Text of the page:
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Article

Frances R. Aparicio

[Muñiz, Marco Antonio]

(b New York City, Sept 16, 1968). American singer, songwriter, and actor of Puerto Rican ancestry. Named after the famous Mexican singer Marco Antonio Muñiz (b 1933), Marc Anthony has become one of the most famous and important Latino singer-songwriters in the United States. Because of the excellence of his voice and his commitment to his Latino and Caribbean roots, he has become the biggest selling salsa artist of all time, with over 10 million albums sold worldwide. After singing house and freestyle music in English in his early career, Marc Anthony revitalized salsa music with a series of early 1990s musical hits that paved the way for the 1999 Latin pop explosion. He has successfully crossed linguistic borders, singing both in English and Spanish within the same album and thus contesting the label of “crossover.” His stage performances and the hybrid musical arrangements that have cast traditional Puerto Rican songs like “Preciosa” and “Lamento borincano” as salsa songs embody his Nuyorican identity in the public space, thus exemplifying the transnational nature of salsa music. Some of his best-known songs in English include “I Need to Know” and “You Sang to Me.”...

Article

Holly George-Warren

[Orvon Grover]

(b Tioga, TX, Sept 29, 1907; d Los Angeles, CA, Oct 2, 1998). American country-music and popular singer, songwriter, and actor. He began his career singing on the radio station KVOO in Tulsa, while working as a relief telegraph operator for the Frisco Railroad. In October 1929 he went to New York to make his first recordings, which were much in the style of Jimmie Rodgers, for RCA Victor and several small independent labels; these were released under the name Gene Autry and led to a contract with the American Record Corporation, which was later taken over by the Columbia Broadcasting System; Autry’s recordings would then be issued by the Columbia Recording Co. In 1931 Autry had his first hit with “Silver Haired Daddy of Mine.” He moved to Chicago in 1932 to star on radio station WLS. There his singing-cowboy persona was developed on the National Barn Dance...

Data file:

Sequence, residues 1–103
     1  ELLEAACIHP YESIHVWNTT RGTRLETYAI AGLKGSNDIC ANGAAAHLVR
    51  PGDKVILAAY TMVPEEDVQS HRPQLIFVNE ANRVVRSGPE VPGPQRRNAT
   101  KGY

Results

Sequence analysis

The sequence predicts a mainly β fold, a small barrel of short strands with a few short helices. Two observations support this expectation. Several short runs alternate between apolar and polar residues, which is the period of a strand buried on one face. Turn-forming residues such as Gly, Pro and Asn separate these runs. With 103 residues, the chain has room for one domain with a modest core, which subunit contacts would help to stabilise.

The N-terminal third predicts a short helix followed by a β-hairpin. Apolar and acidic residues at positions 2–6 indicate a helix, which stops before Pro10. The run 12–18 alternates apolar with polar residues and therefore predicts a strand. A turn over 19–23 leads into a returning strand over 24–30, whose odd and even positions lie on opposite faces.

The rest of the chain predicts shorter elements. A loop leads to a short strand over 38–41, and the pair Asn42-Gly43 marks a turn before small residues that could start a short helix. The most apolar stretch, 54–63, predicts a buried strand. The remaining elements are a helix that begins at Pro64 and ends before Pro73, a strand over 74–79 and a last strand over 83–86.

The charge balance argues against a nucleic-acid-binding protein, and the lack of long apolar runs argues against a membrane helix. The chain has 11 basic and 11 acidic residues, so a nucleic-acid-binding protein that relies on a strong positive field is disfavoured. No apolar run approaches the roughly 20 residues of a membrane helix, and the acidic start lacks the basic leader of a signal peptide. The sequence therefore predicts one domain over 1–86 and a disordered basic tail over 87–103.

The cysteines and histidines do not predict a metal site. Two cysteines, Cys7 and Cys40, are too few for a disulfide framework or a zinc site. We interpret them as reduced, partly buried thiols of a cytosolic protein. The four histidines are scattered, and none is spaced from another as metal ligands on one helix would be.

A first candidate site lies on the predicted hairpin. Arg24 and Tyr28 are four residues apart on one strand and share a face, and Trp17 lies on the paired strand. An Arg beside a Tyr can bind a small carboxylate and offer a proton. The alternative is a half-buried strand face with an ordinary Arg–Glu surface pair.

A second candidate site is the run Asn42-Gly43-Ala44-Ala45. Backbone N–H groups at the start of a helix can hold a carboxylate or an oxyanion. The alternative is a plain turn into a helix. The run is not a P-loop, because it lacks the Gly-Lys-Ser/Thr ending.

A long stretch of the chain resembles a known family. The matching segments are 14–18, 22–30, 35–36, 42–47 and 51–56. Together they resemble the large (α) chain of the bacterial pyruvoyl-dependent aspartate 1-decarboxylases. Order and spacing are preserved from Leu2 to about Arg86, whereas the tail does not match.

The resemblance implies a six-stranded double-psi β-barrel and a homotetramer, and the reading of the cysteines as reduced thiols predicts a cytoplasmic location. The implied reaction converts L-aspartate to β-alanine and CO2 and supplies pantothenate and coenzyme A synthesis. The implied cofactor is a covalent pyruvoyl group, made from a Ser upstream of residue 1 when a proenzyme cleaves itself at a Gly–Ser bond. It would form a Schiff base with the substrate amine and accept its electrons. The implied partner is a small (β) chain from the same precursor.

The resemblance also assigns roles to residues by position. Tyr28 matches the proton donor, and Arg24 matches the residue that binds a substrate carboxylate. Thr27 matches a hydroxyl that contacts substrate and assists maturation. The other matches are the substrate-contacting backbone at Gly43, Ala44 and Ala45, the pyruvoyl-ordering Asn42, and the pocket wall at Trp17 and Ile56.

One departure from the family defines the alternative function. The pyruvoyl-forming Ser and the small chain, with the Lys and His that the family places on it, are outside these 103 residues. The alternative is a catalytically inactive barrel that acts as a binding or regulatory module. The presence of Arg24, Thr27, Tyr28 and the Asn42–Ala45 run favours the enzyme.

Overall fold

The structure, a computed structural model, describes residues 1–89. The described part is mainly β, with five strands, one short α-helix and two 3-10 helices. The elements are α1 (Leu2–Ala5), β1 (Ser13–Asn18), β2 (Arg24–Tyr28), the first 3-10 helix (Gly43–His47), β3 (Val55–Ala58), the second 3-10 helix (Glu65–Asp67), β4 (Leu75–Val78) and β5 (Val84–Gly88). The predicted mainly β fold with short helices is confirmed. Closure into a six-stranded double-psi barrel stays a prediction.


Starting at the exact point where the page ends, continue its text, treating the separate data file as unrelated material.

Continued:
Article

Linda J. Daniel

(Wayne)

(b Duncan, OK, March 25, 1938; d nr Victor, MT, Oct 26, 1999). American singer-songwriter and actor. He took lessons in classical piano as a child and began playing guitar in his teens. His mother, Mae Boren Axton, co-wrote “Heartbreak Hotel,” which was a hit for Elvis Presley in 1956. Axton attended Oklahoma State University, where he excelled in football before leaving to serve in the navy. His music career began in the early 1960s, when he began performing as a singer-songwriter in the folk clubs of southern California. “Greenback Dollar,” a song he co-wrote with Ken Ramsey, became a hit for the Kingston Trio. In 1962 Axton signed with Horizon Records, which released his first album The Balladeer (Horizon, 1962), recorded live at the Troubadour in Hollywood, followed by Thunder’n Lightnin’ and Saturday’s Child (both Horizon, 1963). From 1964 to 1971 he was associated with several labels, including Vee-Jay, Surrey, Exodus, Columbia, and Capitol. His albums with A&M—...

Article

Craig A. Lockard